It is not only the word for “grace”, but it is also the word for “gift”.
When we learn to “give” or “grace” others, God is able to make all “grace”
or “gifts” overflow to us so we can continue to have enough to do every good
work that God has for us.
:8 may have an abundance for every good work
The grace conduit
God is the one that has EVERYTHING we need. He has “grace” for everything.
And sometimes the way God wants to get His “grace” to others is through us,
as a sort of pipeline.
When we learn to give or “grace” others according to God’s leading, God
promises to keep giving us everything we need to keep “gracing” others.
We are all familiar with stories of Victorian England and the orphanages.
– Oliver Twist
One of the “good guy” stories of Victorian orphanages was a man named George
R.A. Torrey writes,
“What he received from God never stuck to his fingers; he
immediately passed it on to others. He was constantly receiving because he was constantly
giving.” (R.A. Torry, How to Pray, pg.73)
George Mueller in his lifetime (1805-1898) founded several orphanages in
England. In his lifetime he handled over $8 million, yet when he died, his own
worldly possessions were valued at just about $800 at his death.
Also notice that if we do this “giving” thing right …
Paul says we will have “all sufficiency” in all things.
But we will have an “abundance” (not just sufficiency) for every good work.
:9 As it is written: “He has dispersed abroad, He has given to
the poor; His righteousness endures forever.”
:9 His righteousness endures forever
Paul is quoting from Psalm 112:9, which is talking about the good guy, the
There is an eternal kind of blessing (righteousness) that comes with giving
:10 Now may He who supplies seed to the sower, and bread for food, supply
and multiply the seed you have sown and increase the fruits of your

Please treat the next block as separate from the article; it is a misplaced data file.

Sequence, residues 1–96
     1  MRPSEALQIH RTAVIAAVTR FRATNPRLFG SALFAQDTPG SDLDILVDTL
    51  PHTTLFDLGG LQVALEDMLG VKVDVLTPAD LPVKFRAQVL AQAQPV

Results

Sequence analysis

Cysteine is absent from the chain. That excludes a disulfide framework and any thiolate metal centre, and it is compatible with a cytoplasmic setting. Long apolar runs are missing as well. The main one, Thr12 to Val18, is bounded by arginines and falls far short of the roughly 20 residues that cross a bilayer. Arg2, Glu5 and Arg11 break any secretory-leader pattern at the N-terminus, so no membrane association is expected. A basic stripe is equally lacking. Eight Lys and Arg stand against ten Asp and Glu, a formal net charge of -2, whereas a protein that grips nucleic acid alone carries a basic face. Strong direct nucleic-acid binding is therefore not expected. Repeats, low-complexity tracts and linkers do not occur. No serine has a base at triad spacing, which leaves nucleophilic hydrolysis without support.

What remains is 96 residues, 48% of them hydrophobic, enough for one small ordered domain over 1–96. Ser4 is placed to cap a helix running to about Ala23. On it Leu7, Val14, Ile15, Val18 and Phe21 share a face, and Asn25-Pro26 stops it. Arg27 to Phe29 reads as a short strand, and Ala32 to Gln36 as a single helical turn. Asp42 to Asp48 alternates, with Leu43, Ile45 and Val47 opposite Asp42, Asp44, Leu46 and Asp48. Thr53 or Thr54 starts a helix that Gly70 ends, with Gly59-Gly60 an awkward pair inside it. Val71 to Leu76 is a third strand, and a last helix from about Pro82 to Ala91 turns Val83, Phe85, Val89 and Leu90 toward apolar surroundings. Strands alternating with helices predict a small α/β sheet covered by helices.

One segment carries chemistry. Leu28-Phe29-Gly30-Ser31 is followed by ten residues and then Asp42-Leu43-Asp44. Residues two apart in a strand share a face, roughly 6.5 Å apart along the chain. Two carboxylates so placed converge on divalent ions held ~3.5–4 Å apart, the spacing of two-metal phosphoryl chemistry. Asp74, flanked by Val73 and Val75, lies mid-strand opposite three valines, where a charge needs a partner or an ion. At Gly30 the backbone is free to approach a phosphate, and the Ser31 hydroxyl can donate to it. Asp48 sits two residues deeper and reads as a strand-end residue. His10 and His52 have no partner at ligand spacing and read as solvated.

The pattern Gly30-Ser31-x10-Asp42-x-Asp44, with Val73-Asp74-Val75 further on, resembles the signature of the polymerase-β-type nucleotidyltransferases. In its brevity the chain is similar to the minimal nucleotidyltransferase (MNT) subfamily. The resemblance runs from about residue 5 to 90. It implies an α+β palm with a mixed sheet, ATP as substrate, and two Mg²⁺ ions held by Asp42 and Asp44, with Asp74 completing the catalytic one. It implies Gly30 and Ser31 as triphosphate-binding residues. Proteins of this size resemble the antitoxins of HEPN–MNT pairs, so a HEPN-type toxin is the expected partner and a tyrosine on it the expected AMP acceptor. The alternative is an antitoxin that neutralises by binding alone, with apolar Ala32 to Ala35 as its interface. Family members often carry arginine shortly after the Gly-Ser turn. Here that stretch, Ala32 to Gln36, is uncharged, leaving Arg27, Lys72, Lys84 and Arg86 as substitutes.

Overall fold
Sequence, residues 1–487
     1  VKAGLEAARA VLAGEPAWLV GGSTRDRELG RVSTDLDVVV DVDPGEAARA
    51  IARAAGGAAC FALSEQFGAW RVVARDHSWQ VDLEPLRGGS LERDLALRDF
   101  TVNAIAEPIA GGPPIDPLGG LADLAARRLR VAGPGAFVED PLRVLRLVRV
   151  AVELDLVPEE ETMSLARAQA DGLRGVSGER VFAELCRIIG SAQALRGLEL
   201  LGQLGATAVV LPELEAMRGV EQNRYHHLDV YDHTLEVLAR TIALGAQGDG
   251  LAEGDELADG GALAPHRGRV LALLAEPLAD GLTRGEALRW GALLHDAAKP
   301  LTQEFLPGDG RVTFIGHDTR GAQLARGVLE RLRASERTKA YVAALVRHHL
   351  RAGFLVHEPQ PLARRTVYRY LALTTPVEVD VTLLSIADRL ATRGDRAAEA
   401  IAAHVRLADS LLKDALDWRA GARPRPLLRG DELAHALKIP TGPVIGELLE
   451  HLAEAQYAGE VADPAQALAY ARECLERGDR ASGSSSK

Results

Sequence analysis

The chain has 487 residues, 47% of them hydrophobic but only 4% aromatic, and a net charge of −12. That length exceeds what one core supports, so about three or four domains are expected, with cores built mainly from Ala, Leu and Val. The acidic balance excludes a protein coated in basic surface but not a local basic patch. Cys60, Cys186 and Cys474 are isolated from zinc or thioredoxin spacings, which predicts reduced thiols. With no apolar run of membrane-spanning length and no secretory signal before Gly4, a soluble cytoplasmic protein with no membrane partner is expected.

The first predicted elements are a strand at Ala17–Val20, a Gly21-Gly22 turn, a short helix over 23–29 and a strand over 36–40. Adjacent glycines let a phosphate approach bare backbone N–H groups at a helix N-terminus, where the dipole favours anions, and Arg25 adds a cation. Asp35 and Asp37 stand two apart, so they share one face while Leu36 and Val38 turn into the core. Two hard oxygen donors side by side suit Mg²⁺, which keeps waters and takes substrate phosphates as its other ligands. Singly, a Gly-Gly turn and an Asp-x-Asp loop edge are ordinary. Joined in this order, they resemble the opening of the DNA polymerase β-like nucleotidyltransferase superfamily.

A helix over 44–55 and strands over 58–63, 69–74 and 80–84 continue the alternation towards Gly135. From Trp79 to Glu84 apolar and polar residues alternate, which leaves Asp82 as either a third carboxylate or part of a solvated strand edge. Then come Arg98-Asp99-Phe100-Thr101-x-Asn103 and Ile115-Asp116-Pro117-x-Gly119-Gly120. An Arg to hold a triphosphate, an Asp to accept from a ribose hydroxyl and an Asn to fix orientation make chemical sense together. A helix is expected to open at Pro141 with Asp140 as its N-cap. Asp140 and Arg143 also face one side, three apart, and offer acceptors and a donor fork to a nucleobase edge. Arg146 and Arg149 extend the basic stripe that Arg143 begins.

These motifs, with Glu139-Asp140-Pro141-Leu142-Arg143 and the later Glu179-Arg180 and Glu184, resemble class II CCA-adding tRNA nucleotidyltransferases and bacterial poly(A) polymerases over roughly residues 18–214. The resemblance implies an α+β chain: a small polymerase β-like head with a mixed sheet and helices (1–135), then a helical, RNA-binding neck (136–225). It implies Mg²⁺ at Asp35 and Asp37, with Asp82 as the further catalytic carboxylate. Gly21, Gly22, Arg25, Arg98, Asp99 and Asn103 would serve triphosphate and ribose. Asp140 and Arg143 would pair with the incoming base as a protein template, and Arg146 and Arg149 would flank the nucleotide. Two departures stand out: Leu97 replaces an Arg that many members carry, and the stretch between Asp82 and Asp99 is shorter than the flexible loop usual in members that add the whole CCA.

:11 while you are enriched in everything for all liberality, which causes
thanksgiving through us to God.
:12 For the administration of this service not only supplies the needs of
the saints, but also is abounding through many thanksgivings to God,
:13 while, through the proof of this ministry, they glorify God for the
obedience of your confession to the gospel of Christ, and for your liberal
sharing with them and all men,
:14 and by their prayer for you, who long for you because of the exceeding
grace of God in you.
:14 grace – charis – God’s
One of the threads through the chapter
:12 thanksgivings – eucharistia
(“good” + “grace”) – thankfulness; the giving of thanks
Thanks to God
Doing good things ought to result in “thanks”
Our goal goes one step further, to bring “thanksgiving” to God.
The thanks here would not just be from Paul, but from the saints in
It can even result in “prayers” (vs. 14) when those who receive pray for
:15 Thanks be to God for His indescribable gift!
:15 Thanks – xaris – God’s
grace, His “gift”
:15 His indescribable gift
Circle of Grace
All grace, all gifts, come from God.
As we learn to give properly, it results in people giving thanks (grace)
back to God.
When we give, our goal ought to be to see people turn to God.
When others give to us, we ought to be turning to God and giving thanks.
And above all, God is the original “giver”.
(John 3:16 NKJV) For God so
loved the world that He gave His only begotten Son, that whoever believes in
Him should not perish but have everlasting life.
Look back at Paul’s guidelines for giving (2Cor. 9:6) and overlay them on
God’s gift to us.
God’s gift was purposeful
He decided beforehand that He would give His Son.
God’s gift was griefless
God didn’t send His Son because we were causing Him so
much grief. He did it because He loved
God gave without pressure
God indeed gave because He saw our great need, not because
we demanded it.
God gave cheerfully
God was glad to give everything for us.